“How do we grow our youngest musicians and how do you give them this hunger for learning more?” - Time: 25:37-26:48

  • Because Tom “does want it at certain excellence” on Wednesday nights, Mari has a “side group” that she meets with a least once a month. This group jams together and learn chords, song arrangements, “get confidence on a stage,” and so on. “‘Cause I would never want to throw someone up on the stage and for them to walk off feeling like they failed. That would crush me.”


“With a group of youth that is running and building together, how do you incorporate new believers into the fold?” - Time: 26:57-27:52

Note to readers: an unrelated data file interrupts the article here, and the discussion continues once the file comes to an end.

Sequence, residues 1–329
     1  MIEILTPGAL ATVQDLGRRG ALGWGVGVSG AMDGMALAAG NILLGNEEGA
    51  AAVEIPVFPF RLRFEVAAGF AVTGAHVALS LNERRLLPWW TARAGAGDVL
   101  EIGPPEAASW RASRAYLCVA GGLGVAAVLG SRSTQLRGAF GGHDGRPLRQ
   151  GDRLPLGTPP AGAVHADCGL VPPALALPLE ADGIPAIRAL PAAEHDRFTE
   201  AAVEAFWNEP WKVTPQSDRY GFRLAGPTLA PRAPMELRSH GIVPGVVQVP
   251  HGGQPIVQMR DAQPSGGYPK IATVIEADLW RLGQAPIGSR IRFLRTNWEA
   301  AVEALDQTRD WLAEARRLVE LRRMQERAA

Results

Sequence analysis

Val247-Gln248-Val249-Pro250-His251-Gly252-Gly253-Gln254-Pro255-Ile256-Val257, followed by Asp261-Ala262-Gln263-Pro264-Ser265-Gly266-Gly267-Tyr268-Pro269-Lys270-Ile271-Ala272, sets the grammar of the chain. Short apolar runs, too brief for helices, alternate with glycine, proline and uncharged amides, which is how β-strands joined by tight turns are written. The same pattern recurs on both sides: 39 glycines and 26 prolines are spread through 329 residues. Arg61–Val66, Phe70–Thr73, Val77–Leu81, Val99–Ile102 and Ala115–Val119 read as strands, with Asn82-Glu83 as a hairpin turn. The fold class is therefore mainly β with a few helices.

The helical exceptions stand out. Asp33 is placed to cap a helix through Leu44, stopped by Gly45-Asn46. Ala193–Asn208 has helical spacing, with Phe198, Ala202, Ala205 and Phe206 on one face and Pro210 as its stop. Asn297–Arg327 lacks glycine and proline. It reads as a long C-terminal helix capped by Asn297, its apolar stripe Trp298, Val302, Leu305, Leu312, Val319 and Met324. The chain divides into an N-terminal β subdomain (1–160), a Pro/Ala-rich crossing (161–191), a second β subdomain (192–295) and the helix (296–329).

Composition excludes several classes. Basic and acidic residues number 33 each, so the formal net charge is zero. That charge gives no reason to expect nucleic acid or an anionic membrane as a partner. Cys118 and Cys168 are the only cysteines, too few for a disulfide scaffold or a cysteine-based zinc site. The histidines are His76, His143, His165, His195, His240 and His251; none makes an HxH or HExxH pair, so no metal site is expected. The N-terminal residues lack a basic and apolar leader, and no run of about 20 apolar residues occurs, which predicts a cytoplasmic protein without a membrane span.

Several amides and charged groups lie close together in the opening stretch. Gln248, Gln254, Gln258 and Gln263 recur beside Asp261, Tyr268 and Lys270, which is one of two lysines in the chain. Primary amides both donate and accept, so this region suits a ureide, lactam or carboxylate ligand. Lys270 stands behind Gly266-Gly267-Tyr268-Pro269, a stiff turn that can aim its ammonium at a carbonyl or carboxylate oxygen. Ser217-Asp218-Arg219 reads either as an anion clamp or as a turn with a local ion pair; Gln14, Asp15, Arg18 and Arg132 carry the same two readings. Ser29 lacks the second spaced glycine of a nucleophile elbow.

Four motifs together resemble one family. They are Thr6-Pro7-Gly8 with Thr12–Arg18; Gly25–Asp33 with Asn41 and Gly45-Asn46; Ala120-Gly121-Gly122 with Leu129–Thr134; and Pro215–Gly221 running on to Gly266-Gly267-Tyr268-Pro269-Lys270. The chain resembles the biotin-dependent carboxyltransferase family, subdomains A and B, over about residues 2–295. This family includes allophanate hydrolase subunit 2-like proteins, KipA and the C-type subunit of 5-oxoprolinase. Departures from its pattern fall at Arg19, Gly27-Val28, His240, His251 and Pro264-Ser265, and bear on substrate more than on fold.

• Mari explains that at Young Saints they have “house groups.” She says small groups are “would probably be the best way to get new believers plugged in.” The goal is to have a “less intimidating” way to welcome kids and let them know that they are not “just another person in our seat.”


“I think teenagers need fun.” - Time: 28:18-29:29

  • “I think people make fun all hype and it’s not good, but I don’t think hype has to be bad,” Mari continues. “I don’t think a fast praise song is necessarily hype, if you ask me.” 

  • Mari also says, “. . . sometimes we think that fun is shallow, but actually sometimes fun brings the most connection.”

  • “I think we need fun. I think kids need fun. They need to know God is good and He’s happy. And He’s not just there for the serious moments.”


“The students I get to lead in worship have just gotten back from their summer youth camp and are on fire. How do we, as worship leaders, strive to keep that fire going?” - Time: 29:30-37:36